... And it claims its share.
While the continuing evolution of communications has had an overall positive impact on everyday life (except for Pokemon GO of course), it also has created a silent protagonist position for the software that runs the network.
Smartphones, TVs, tablets, computers, and even washing machines and refrigerators depend on software for their operations - and the software has had to evolve to meet growing needs. To support this, the design, production, distribution, and support of the software has had to evolve as well.
Many people contribute to software development
From a small group of cohesive and localized software developers used to cover the process from concept to distribution to support; to scattered groups of independent developers, remote freelancers, and subcontracted companies that use multiple distribution methods including web sites (secured or not), USB sticks, CD / DVD, and OEM factory installations – it’s not unusual for hundreds of hands to contribute to software development.
Each handoff and each development stage constitutes a point of potential vulnerability, even before the software is "turned on" for the first time on our systems.
All software is inherently vulnerable
It's true that there are firewalls, virus scanners, VPNs, and passwords to protect us, but despite all these tools there is an intrinsic vulnerability in software that may have “traveled” around the world before arriving in our system. And this also applies to open-source code - for instance, who would rewrite a simple function such as SSH (System Shell) from scratch? No one, because regardless of how simple - it costs time and money.
Despite the risks, there is a sector that is not always fully aware of the inherent vulnerabilities in the software layer of their networks: a subset of the industrial sector that is using mission-critical systems.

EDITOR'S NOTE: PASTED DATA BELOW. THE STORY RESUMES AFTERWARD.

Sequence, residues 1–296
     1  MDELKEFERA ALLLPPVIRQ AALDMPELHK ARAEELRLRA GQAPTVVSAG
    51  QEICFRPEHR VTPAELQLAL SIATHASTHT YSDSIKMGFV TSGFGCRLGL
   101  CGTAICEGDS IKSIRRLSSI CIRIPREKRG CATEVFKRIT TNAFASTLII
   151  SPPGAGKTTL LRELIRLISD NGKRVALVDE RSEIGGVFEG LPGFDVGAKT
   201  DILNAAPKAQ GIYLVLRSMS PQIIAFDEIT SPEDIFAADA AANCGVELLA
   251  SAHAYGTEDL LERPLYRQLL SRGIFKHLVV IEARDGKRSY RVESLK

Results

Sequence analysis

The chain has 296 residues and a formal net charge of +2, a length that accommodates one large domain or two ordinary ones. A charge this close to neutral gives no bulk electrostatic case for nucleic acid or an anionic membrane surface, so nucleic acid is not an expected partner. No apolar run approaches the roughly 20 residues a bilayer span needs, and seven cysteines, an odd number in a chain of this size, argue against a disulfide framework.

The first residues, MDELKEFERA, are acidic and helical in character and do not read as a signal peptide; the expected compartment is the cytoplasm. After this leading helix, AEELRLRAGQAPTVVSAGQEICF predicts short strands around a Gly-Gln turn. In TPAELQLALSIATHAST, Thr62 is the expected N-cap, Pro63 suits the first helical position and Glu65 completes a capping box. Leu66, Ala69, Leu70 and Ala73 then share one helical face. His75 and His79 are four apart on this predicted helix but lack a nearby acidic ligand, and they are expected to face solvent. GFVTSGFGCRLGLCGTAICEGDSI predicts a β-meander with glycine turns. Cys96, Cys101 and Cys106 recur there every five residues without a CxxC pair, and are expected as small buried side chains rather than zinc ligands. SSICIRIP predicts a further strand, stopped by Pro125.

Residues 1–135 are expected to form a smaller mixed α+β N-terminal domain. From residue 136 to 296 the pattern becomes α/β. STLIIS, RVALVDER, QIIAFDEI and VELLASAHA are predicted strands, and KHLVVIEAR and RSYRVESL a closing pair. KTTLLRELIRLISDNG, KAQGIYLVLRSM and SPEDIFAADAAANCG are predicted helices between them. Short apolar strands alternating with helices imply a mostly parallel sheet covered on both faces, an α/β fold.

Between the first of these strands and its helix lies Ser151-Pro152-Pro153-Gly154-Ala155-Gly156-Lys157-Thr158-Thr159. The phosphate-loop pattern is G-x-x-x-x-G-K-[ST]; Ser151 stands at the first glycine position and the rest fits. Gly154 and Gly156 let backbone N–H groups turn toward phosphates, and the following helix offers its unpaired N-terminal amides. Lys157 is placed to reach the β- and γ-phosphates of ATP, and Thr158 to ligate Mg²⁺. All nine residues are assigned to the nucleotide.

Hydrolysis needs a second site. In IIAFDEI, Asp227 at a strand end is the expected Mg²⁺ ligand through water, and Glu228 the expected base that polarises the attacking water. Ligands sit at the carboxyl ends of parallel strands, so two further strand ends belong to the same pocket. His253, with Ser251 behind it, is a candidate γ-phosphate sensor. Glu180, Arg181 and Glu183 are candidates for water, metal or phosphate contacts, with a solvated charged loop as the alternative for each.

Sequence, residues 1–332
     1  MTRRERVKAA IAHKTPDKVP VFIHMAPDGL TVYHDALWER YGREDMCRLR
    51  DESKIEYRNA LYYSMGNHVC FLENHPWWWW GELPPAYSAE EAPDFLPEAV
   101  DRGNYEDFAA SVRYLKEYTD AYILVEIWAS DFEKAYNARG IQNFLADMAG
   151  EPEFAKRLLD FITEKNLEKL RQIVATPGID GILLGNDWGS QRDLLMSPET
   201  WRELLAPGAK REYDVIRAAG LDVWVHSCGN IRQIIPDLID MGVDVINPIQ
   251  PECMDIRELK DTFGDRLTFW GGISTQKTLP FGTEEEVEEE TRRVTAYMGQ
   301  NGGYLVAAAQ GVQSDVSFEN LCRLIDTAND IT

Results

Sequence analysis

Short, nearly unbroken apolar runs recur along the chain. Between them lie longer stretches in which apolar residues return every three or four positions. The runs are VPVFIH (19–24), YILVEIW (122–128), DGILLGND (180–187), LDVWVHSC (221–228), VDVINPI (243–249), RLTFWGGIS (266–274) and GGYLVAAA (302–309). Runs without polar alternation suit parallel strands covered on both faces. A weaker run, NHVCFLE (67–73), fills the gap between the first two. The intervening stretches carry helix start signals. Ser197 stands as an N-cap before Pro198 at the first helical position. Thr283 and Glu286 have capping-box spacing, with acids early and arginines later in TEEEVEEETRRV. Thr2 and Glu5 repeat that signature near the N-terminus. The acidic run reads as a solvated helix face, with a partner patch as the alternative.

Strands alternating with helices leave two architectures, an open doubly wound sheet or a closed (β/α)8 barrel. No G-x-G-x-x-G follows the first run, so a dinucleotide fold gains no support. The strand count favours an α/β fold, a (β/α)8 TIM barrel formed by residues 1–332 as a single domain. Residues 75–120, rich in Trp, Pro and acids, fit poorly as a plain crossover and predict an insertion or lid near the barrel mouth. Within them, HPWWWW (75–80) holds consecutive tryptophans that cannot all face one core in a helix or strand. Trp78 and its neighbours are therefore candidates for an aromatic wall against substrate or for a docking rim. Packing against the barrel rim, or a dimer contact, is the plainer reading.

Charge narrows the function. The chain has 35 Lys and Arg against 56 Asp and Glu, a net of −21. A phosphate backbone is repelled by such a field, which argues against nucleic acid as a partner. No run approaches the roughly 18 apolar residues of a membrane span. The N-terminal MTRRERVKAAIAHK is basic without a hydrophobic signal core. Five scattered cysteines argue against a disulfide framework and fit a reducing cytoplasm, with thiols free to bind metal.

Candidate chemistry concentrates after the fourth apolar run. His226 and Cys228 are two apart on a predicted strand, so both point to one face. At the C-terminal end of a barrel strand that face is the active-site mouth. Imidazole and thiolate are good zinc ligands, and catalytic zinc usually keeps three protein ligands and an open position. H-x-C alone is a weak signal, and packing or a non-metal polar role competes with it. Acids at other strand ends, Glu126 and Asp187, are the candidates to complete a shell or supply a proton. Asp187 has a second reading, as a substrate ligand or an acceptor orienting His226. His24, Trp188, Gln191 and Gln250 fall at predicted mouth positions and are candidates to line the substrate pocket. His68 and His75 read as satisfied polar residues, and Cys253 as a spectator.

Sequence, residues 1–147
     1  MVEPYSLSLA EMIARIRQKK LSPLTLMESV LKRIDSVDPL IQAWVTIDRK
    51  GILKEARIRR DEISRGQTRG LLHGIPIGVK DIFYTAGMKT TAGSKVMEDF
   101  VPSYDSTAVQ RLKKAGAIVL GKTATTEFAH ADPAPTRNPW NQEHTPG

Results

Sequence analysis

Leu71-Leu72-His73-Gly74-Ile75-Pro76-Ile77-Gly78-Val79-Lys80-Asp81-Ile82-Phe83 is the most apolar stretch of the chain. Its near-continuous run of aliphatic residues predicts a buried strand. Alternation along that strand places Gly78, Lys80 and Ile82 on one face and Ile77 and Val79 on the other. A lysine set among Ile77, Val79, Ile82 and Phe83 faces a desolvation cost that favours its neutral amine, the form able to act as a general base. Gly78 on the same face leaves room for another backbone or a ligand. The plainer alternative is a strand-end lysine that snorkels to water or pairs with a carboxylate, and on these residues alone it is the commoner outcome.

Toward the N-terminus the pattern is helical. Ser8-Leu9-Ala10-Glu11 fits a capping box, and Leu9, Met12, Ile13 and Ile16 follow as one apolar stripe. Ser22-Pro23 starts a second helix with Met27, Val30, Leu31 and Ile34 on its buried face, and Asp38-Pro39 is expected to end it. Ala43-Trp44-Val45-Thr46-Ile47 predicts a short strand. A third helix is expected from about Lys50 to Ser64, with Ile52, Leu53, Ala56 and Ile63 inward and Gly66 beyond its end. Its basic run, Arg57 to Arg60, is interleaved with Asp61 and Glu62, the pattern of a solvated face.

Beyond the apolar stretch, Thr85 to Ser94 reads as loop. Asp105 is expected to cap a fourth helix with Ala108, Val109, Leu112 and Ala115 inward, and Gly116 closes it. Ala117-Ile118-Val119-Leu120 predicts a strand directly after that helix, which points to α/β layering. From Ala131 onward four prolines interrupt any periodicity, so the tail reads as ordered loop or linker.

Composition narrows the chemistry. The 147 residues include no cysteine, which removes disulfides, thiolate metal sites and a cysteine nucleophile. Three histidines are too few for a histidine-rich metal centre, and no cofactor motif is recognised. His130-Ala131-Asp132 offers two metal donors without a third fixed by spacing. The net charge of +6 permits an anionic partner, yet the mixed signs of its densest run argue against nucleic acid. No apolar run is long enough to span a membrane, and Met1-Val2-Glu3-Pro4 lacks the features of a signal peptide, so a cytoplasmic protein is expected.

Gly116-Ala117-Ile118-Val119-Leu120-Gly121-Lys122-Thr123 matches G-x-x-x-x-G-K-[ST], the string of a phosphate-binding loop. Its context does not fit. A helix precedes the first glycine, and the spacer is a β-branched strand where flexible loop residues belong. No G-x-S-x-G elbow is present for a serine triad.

Industry 4.0, or Internet of Things, increases exposure
These industrial sectors are going through an enthusiastic and rapid digitization. They call it "Industry 4.0," or "IoT." Preying on the enthusiasm for advancement, sometimes Industry 4.0 seems to forget cases like Stuxnet, a cute little worm that didn’t just attack computers - it took over the SCADA systems of some nuclear power plants. Nothing scary about blocking the command and control systems of a nuclear power plant, right?
How was this possible? Because Stuxnet attacked the base software of one of the SCADA components by exploiting a vulnerability that was left open by the manufacturer. Ultimately, Stuxnet attacked the operating system.
And there were other malicious attacks on a steel factory in Germany, the Ukrainian power grid, a water treatment plant in USA, and other critical infrastructures. So much so that IBM identified the industry as the second most attacked sector in its 2015 Cyber Security Index.
Holistic security strategy is required
These attacks may not be unavoidable, but a defense-in-depth approach is necessary to a holistic security strategy. The base software – or operating system – needs additional protection. The manufacturer must allow the operating system to be checked, adjusted, and validate by a third party.
A third party can contribute to an additional layer of support through independent verification and validation, as well as by shuffling the object code in a way to confuse any hacker that left a vulnerability on purpose. This third party support must be continuous. If a new malware is discovered, a new inspection is done and a new shuffled code is generated.
Hard to swallow for the manufacturers? Maybe.
But would it be a good cure? I think so. And you?
ALE launched a new entry-level service plan, called Rainbow Office Essentials, across Europe for businesses seeking the key features of a unified communications offering – phone and messaging – at an affordable rate.
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